There’s not one topic I feel like talking about today as we endure a week of Super Bowl and Hall of Fame propoganda. The Browns introduced their defensive coordinator Ray Horton yesterday, but even that was putting a cap on old news. With that in mind, I thought I would just combine a bunch of things into one post today…
Alex Smith to the Browns?
So Brandon Weeden thought he dodged a bullet when the Browns failed to land Chip Kelly, I bet. I hope he didn’t spend too much time sighing with relief because the Browns quarterback rumors are flying fast as the Browns are being linked to the 49ers’ own displaced QB Alex Smith. It makes some sense because as we all know, new coaches tend to gravitate toward familiar players, and Google is full of pictures of Alex Smith sitting next to Norv Turner. That’s also why we were treated to a lot of Chud-fueled Derek Anderson news a few weeks back.
So, is it good or bad for Browns fans? I am not a quarterback expert, and I’ve heard plenty of people say that Alex Smith doesn’t have the prototypical skill set for the vertical passing game. Just from a game theory standpoint, I’m not unhappy that the Browns are rumored to be looking for a quarterback. I’m not ready to run Weeden out on a rail. He showed a few good things this season, and had a very rookie-like year overall. Still, would it be the end of the world to have someone come in and compete with him who happens to have a ton more experience and still is a year younger?
At least this leads me to be that the Browns aren’t going to sit back and “wait and see.” This could be the proof that Jimmy Haslam wasn’t just paying lip service when he said there were no two more impatient people than he and Joe Banner. Of course impatience can sometimes be a negative, but Browns fans know all too well that patience hasn’t delivered a top of the league quarterback to Cleveland yet.
Leroy Hoard and the future of the NFL
The Leroy Hoard story on ESPN’s Outside the Lines was gut-wrenching to see. There are always pangs of guilt when we see the cost of our entertainment spit out at the end of an NFL career. You can’t help but feel complicit, and I hate to tell you that this is just the beginning of the story. No, not every NFL player will end up with these kinds of symptoms, but the ones who show them are no longer going to languish in the shadows as we’re forced to deal with the reality of the game we all love so very much.
The NFL will continue to change. Tackling might continue to dissipate in the secondary where the closing speed and violence is at its maximum. The kickoff will continue to be mitigated over time too, I would bet. The game will change, but it might get better too.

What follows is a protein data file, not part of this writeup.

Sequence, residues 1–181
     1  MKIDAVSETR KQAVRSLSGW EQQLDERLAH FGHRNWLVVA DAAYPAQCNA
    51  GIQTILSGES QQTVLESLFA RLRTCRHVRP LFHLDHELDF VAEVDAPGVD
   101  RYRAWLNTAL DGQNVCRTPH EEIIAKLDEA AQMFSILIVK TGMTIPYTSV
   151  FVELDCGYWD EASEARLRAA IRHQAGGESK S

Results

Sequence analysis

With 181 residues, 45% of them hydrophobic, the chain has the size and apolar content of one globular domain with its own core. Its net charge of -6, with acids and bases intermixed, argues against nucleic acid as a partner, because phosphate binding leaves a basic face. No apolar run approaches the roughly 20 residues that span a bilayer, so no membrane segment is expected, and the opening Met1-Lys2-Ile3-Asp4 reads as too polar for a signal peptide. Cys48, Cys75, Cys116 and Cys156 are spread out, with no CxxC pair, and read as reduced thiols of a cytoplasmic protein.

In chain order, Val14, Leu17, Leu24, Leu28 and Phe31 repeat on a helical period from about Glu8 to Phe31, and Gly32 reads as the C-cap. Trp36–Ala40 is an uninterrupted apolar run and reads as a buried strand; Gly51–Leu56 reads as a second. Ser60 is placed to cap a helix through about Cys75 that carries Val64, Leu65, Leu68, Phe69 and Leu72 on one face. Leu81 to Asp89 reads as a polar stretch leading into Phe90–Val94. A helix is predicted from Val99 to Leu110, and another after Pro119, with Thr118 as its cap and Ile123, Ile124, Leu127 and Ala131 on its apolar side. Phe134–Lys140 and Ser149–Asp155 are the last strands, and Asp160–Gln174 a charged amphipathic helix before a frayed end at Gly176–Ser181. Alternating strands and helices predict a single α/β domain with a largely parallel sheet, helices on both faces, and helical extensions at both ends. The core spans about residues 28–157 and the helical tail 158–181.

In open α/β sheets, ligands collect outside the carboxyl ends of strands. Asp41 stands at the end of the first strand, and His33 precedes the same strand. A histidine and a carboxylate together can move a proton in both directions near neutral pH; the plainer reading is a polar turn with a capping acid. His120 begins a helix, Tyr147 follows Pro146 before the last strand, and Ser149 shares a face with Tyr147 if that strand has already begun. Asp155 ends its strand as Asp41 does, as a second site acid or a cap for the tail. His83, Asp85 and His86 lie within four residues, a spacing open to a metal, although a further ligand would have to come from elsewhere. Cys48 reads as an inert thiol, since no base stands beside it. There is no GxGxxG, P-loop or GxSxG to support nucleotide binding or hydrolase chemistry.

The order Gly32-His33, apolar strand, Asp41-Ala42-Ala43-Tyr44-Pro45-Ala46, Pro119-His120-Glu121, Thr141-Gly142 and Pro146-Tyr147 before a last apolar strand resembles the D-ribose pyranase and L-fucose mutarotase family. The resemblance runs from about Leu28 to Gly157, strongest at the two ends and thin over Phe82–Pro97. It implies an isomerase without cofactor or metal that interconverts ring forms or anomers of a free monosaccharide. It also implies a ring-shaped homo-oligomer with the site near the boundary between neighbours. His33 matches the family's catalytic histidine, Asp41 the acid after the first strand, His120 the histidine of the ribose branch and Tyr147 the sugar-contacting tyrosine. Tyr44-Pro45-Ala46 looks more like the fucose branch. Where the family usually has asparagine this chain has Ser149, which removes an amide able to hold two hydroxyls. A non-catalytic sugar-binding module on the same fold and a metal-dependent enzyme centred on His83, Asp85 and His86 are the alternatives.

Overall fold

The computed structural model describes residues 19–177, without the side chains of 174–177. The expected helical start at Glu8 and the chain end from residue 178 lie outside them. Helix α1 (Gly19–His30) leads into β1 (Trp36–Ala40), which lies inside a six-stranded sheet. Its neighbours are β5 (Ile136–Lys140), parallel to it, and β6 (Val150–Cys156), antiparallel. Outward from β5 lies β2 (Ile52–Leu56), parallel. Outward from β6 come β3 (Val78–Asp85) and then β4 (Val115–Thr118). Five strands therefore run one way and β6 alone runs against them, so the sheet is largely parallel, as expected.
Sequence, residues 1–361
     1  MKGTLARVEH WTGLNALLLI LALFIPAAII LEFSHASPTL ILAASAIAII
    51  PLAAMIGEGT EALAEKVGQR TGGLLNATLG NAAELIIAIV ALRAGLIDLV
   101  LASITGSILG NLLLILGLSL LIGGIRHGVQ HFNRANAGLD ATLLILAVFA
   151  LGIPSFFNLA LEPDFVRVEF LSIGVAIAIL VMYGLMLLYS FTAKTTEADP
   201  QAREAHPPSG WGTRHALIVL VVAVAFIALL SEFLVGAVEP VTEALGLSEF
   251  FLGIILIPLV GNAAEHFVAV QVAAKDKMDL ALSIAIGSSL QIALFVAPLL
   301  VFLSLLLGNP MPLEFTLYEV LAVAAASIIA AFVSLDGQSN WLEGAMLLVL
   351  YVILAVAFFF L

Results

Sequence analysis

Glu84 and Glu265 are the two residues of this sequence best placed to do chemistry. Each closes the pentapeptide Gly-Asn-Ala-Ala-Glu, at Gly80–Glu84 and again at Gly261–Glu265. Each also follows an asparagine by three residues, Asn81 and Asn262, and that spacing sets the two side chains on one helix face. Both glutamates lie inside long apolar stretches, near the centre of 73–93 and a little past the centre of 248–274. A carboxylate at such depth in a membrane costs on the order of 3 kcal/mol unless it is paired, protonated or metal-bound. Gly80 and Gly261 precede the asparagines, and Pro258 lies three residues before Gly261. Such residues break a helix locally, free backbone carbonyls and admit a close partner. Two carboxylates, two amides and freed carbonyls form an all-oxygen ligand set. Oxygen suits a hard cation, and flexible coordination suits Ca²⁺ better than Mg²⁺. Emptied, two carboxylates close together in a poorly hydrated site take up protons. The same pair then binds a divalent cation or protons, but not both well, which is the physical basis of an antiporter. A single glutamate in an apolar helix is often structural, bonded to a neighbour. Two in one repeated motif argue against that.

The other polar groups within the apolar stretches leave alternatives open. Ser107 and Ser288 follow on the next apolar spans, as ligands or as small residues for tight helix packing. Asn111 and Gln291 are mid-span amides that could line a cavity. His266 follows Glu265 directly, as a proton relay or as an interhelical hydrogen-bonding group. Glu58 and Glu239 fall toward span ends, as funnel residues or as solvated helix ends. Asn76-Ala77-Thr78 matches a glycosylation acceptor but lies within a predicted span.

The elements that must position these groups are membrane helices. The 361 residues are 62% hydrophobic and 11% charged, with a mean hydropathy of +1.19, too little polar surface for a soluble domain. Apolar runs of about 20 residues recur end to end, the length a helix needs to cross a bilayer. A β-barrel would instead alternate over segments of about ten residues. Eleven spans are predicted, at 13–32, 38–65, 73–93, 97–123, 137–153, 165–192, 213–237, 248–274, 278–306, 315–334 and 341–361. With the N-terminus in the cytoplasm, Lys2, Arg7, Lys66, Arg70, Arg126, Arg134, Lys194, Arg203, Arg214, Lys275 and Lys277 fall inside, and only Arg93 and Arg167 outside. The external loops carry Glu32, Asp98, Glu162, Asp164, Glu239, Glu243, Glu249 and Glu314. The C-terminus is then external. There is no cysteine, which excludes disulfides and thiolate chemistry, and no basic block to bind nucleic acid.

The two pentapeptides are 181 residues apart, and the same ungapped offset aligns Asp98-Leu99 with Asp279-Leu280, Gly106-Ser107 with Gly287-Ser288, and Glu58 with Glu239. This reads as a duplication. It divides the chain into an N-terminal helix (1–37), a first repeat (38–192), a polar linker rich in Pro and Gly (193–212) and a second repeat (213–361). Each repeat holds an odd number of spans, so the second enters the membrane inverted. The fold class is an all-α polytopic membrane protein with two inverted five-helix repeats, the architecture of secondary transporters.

How about this, for example? If they’re going to take away the hits in the secondary, maybe they’ll loosen up the contact restrictions between corners and receivers in the pattern. You’ve got to think that a lot of the violent hits that have scared us over the last four or five years are the result of defensive backs having to avoid contact before the ball is in the air. Instead of jamming and bumping in the pattern, safeties and corners sit back and deliver crazy hits a lot of the time. Encourage more bumping and hand fighting in the pattern and a lot of that could disappear. So, too will the more massive “knockout” types of blows, I’m guessing.
Ray Horton and the optimist viewpoint
Ray Horton really didn’t say much in his press conference. Despite the talk of the 4-3 and the 3-4, Horton continued to boil it all down to guys who can run and guys who can hit. While I sincerely hope that he was being simplistic for the media and fans’ sake, the one really positive thing that I take from that is that he’ll be using the best players he has regardless of scheme. Mixing fronts and personnel packages is going to be a positive for this crew considering another transition in base defense. Here’s hoping they can find the right combination of Dick Jauron’s ability to avoid the big play and also blitzing to create their own big plays. One thing that seems all but certain is that this defense will be fired up to play weekly.
Ozzie Newsome and Art Modell’s Hall of Fame candidacy
I love Ozzie Newsome from my childhood watching him play. I respect him greatly as a general manager of the Ravens even though I can’t stand that team. All that being said, his testimony on behalf of Art Modell in the Hall of Fame debate couldn’t be more meaningless. Ozzie’s opinion is predictable, obvious and speaks out of turn, repeating others’ facts in a lot of cases when it comes to history that preceded him. I mean we are all talking about history that preceded us, but in my opinion, Ozzie’s case had better be one that blows the roof off the house if it is to mean anything. He was just too close and benefited too much from Art Modell personally to have appropriate perspective on the Hall overall. Like asking a son to testify against his father without a cross-examination.
Of course as a spurned Browns fan, my perspective is only worth so much too. I know this, though. I would hope that Ozzie does too.
That’s the end of the Browns bits for today, but I’ll leave you with one final thought that I had watching TV on the treadmill this morning.
Imagine for just one second that the Browns were in the Super Bowl. Could you imagine the two week news cycle wondering how it was affecting the team and their eventual performance on Super Bowl Sunday? It would be absolutely maddening, but I love to even think about it. All our guys would be the talk of the league. It would be so amazing. This whole paragraph made me feel like a teenage girl talking about a show on the CW.